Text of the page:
This project shows how to build a very simple yet very useful tool that every DIY enthusiast should have in his lab: a 100MHz+ frequency counter. The schematic is fairly simple and straightforward and uses a PIC16F628A microcontroller for measuring frequency and a high speed comparator for signal amplification and conditioning. Update on 3rd July 2020: Sorry for the bad video quality. It was recorded 12 years ago, when good video cameras weren't as accessible as today.
This is the first in a series of articles describing the construction of an interface board suitable for controlling 2 motors, 2 servos and providing a collection of binary inputs and outputs. The board provides limited onboard intelligence (only enough to protect the motors and servos from invalid operations) - it is designed to be controlled from an external computer through an RS232 connection.
Update The MPLAB X project file for this post is available here.
This article provides an introduction to the microcontroller that is at the heart of the project - the PIC 16F628A. All of the provided programs are in PIC assembly language, using C on a PIC (the 8 bit PIC processors at least) seems to be overkill - the resulting code looks a lot like assembly language but with a lot more boiler plate around it.
There are a number of things you are going to need for this to be more than an intellectual exercise ..
- You will need a way to convert the assembly language code into a binary file that can be loaded into the program memory on the PIC. The easiest solution is to download and install the MPLABX IDE which is available for Windows, Mac and Linux. You will need to download the appropriate installers for the MPLABX IDE and MPLAB XC8 Compiler from the previous link and install them in that order. If you prefer to use the command line and already have a preferred editor you might consider the gputils package (this can be installed via apt-get for Debian and Ubuntu).
- A simulator is handy to test your code before burning to a chip - it helps to iron out the more obvious bugs in a more friendly environment and reduce the chances of damaging any components in your circuit. MPLABX includes a simulator, you could also look at gpsim or PICsim which are available for both Linux and Windows. The gpsim project provides both a command line interface (similar to gdb) and a simple GUI. PICsim on the other hand provides a much more graphical interface as well as simulating some external hardware (switches, LED's, LCD displays, etc).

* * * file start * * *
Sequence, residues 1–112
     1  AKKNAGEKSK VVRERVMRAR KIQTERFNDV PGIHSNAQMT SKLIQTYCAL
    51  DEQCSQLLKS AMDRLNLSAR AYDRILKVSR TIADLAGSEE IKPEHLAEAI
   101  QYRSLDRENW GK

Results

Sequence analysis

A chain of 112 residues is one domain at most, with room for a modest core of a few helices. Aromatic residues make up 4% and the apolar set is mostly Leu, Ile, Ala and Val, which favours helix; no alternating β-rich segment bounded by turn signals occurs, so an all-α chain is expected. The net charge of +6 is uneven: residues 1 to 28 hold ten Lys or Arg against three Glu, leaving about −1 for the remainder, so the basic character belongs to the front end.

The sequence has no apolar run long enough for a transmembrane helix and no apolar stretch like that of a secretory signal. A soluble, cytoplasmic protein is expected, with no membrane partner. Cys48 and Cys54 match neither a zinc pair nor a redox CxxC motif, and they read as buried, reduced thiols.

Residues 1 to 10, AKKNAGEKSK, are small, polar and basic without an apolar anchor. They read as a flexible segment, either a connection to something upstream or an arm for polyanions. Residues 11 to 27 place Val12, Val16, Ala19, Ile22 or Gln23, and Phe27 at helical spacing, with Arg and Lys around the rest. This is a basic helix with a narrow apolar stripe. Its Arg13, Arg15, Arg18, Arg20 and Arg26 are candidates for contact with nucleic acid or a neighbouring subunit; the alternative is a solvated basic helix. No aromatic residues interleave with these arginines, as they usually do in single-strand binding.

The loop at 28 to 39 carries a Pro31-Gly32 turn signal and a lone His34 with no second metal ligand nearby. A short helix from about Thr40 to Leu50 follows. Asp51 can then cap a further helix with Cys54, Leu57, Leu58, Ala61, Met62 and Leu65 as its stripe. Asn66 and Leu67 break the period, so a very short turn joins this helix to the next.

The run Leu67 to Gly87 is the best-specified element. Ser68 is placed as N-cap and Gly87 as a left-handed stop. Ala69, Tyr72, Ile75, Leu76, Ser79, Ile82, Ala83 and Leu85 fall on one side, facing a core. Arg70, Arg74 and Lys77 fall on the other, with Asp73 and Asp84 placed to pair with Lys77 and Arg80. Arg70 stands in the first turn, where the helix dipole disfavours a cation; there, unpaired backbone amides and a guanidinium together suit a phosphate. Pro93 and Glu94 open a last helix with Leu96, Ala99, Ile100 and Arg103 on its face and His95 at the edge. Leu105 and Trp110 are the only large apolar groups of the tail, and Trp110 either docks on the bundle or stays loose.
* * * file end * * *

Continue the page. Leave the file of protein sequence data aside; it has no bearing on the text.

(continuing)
- A hardware programmer is required in order to burn the resulting code onto the chip itself. I'm using one known as the K150 (v2.1) - I'm not sure if this is available anymore (and if it is - from resellers for example - how long the supporting software will be available) as the main manufacturers site (kitsrus) seems to have expired. There are wide range of alternative programmers available (a google search should turn up something that suits your budget and needs).
- At least one PIC16F628A chip - preferably two in case of mistakes. In Australia these are available from Element14 at $AU 4.40 per unit, in the US you could source them from SparkFun for $US 3.18.
I highly recommend downloading a copy of the datasheet for the processor and keeping it open as a reference (it's large, 180 pages long, so printing it out may not be an option). I'm going to gloss over a lot of details and just concentrate on the basics - for more information please refer to the datasheet to get all the nitty gritty details.
This particular model of PIC has 2048 words of program memory (each instruction consumes a single word so your maximum program length is 2048 instructions), 224 bytes of RAM, 128 bytes of EEPROM for persistant storage and 16 IO pins. If you look at the pinout to the left you can see that most of the IO pins have multiple purposes - only one function is available at any given time so choosing to use a particular function will exclude that pin from any other purpose. This is a very important factor to consider when designing your project.